Photo courtesy E Ink
With a world full of monitors and electronic displays made with liquid crystals, light-emitting diodes and gas plasma, you probably don't think of paper as being a revolutionary display technology, but the Chinese invention of paper in 105 A.D. forever changed the way the world communicates. Without it, books might still be printed on silk scrolls that only the wealthy could afford, making literacy a rare skill.
Look around you: It would be nearly impossible to live one day without coming into contact with paper in some form. This year, the world will consume an estimated 280 million tons of paper, according to the National Association of Paper Merchants in England. That is equal to 56 trillion sheets of letter-size 20-pound bond paper. (See this question of the day on paper weight.)
For nearly 2,000 years, ink on paper was the only way to display words and images, and it still beats computer displays when it comes to portability and price. Paper also doesn't require an external power supply. Yet it does have some limitations: Once you've printed words on paper, those words cannot be changed without at least leaving some marks, and it is also difficult to carry around a large number of books.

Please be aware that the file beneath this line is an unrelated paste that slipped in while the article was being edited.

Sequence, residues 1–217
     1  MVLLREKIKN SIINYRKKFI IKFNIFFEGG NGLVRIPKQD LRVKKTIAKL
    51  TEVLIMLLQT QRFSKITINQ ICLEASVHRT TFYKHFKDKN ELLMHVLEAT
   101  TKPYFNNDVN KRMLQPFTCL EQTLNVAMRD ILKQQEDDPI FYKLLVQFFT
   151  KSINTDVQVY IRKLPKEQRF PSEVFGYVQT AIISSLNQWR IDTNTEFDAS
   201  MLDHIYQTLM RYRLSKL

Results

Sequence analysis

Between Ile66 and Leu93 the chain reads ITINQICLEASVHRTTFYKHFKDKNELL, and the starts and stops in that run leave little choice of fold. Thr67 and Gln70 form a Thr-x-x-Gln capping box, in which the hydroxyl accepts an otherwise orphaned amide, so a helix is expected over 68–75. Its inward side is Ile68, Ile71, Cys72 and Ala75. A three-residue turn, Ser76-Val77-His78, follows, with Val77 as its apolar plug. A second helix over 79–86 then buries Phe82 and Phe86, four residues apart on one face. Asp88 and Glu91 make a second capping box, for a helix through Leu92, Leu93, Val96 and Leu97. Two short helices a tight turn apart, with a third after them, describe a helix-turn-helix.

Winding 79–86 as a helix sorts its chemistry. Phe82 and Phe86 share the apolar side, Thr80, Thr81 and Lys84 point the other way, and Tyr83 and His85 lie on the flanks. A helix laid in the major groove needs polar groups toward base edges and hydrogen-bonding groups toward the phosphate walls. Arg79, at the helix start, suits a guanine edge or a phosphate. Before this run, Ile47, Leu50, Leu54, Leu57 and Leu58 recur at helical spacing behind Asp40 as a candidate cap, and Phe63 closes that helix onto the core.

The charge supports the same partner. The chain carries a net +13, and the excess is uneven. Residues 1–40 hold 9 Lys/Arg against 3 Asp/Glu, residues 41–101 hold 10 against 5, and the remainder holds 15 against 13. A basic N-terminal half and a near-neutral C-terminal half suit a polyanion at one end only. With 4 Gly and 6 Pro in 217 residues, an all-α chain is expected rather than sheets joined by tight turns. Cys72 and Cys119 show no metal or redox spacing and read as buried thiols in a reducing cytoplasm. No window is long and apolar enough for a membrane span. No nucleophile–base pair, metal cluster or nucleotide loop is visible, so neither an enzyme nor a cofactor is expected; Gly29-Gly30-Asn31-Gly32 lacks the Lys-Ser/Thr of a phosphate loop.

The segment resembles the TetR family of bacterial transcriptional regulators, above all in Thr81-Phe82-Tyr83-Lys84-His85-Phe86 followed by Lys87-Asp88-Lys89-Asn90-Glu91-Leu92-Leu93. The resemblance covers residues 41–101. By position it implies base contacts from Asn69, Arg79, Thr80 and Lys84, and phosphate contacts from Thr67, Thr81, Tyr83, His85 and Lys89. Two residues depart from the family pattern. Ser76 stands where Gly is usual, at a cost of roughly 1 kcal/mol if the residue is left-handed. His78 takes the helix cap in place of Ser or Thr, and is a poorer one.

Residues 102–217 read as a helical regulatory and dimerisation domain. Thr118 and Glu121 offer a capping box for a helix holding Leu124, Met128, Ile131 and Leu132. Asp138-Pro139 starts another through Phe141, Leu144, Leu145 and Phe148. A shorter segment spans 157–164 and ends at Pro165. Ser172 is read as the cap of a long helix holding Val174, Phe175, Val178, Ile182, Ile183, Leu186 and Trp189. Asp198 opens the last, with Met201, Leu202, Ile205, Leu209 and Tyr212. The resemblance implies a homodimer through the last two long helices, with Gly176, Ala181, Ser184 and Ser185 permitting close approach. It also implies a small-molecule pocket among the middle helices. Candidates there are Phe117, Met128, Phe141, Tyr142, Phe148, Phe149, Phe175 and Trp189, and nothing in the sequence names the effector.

Scientists are now close to developing a revolutionary technology that could replace paper, called electronic ink! In this edition of How Stuff Will Work, you will find out about how electronic ink is made, how it will allow you to carry a whole library in one book and how it could be used for cheaper computer displays.